With this information, the practitioners in The Orange Door were able to safely plan to visit Mary at her home – and in doing so, were able to better assess and understand the safety and wellbeing of her and her infant. while Mary declined the offer of a range of services and supports, the practitioners were able to work with Mary to ensure she had a safety plan that meant she felt safe in her home and had the contacts and supports for herself and her child when she felt she needed them.
*Not their real names
Figure 2. Access pathways into The Orange Door
The percentage of referrals in which individuals and families directly accessed The Orange Door for assistance through a self-referral fluctuated between 16.3% and 18.6% in Q1, Q2 and Q3 (Figure 2). These self-referrals include contact via phone, email, or walk-in. A slight decrease was noted in Q4, which coincided with COVID-19 restrictions, with stay at home directions and the closure of The Orange Door reception from late March 2020 reducing access to traditional means of support and making it more difficult for some victims of family violence to reach out
How does the community presence of The Orange Door support safe and easy access?
People can contact The Orange Door in ways that are safe, accessible, and convenient for them, including through telephone, email, and in person. The Orange Door network is designed to be a safe and accessible community service, to reduce stigma and make it easier for people seeking help for family violence or help with the wellbeing of children and families.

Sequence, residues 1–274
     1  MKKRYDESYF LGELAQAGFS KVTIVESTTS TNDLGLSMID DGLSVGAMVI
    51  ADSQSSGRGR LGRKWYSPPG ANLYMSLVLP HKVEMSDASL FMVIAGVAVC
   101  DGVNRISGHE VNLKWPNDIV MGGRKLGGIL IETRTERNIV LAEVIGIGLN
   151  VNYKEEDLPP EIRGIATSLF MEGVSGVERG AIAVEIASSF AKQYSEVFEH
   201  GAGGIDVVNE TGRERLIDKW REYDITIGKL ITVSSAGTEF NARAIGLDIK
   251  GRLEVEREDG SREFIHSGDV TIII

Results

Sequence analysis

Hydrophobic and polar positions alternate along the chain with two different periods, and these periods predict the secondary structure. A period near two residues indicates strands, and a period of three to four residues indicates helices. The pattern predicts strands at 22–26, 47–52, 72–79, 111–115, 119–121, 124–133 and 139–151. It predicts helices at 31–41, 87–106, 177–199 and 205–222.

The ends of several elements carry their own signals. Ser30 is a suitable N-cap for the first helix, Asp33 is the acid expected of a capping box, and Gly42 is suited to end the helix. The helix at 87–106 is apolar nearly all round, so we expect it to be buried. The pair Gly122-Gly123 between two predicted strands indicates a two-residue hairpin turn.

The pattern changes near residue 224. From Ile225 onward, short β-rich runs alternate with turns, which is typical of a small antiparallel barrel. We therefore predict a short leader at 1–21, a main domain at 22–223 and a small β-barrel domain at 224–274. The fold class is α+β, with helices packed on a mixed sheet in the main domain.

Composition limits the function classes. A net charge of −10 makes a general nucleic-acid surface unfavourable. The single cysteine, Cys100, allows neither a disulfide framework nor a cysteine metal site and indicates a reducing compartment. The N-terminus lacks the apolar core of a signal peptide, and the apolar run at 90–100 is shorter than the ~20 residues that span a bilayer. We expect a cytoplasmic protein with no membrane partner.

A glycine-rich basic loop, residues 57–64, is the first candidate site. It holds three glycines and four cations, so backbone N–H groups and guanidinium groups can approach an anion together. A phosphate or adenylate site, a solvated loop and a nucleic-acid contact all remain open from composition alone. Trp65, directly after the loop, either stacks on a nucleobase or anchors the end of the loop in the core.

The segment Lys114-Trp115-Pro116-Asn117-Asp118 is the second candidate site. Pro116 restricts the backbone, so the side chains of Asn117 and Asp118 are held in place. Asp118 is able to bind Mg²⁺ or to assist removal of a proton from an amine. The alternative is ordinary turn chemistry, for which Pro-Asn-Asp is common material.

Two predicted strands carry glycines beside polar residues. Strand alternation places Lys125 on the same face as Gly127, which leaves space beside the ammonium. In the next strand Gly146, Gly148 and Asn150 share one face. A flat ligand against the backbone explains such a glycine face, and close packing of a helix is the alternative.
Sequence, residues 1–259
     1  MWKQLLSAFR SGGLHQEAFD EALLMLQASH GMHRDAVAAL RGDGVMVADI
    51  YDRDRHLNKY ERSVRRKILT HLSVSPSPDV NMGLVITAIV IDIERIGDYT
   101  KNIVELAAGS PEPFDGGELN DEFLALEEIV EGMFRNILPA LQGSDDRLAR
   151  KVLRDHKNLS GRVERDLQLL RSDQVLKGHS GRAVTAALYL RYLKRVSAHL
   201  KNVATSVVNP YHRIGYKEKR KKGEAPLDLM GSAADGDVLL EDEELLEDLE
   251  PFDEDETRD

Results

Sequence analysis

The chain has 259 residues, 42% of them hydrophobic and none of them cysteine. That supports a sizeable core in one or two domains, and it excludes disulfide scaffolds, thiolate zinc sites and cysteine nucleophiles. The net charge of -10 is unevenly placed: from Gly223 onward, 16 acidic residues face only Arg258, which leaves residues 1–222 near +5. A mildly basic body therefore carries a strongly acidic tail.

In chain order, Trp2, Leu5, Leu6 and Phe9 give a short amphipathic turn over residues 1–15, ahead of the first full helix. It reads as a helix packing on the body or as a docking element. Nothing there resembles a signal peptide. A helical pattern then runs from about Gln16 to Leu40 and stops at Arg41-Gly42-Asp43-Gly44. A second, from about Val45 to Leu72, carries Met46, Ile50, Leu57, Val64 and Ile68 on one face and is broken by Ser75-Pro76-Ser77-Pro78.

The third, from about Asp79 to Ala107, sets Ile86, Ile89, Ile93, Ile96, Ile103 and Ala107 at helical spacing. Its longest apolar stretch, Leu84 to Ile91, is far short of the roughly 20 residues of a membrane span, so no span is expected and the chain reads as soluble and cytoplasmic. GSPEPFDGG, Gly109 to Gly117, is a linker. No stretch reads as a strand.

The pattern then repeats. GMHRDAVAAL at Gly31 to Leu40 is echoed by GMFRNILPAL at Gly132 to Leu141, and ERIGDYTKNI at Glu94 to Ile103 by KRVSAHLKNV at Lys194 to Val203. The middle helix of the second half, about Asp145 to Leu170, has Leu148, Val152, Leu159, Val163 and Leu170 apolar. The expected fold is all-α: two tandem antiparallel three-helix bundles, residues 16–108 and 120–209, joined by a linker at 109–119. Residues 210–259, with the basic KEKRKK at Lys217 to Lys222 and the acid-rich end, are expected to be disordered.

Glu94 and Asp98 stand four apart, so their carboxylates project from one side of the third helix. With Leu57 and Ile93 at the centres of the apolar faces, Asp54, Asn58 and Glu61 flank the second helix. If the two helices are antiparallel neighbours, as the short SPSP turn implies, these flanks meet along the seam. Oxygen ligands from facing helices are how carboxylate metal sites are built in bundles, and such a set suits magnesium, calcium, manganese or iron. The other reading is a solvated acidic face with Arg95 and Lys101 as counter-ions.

Most people (70%) who make direct contact for themselves, do so via telephone, as do people making contact on behalf of someone they know (86%), while more than 70% of all professional referrals are received via email (excluding the Family Violence reports from police which are all transmitted via the L17 portal). Each area has a toll-free telephone number and direct email address to facilitate easy contact. The Orange Door website has a service finder to support people to find the contact details for The Orange Door in their area, or relevant services in areas where The Orange Door is yet to be established. The website is accessible in 51 different languages. In 2019-20 the website was viewed more than 130,000 times by more than 83,000 people.
Figure 3: Ways of contacting The Orange Door (other than police reports)
The physical premises of The Orange Door have been established in locations near local communities central to community service providers and public transport. The number of times individuals or families accessed the communitybased premises fluctuated across the first three quarters of the second year of service delivery and decreased sharply during the COVID-19 period. From March 2020 The Orange Door reception moved to remote delivery and the ability for people to directly access the service through the primary premises through an unplanned visit was suspended (Figure 4). Planned face to face appointments at The Orange Door were made available for people assessed as high risk or with high support needs and people were still able to access The Orange Door via email and phone during that time.
Figure 4. Number of times individuals or families accessed the primary premises at point of referral
In 2019-20, a total of 2,473 individuals and families (4.8%) presented to The Orange Door in person looking for support for themselves or someone else. This was a 62.4% increase compared to 2018-19, which suggests increasing awareness about The Orange Door in the community
 In some instances, practitioners may determine not to attempt contact with a person referred where there is potential this may increase risk to them or another person.
Reviewed 16 June 2021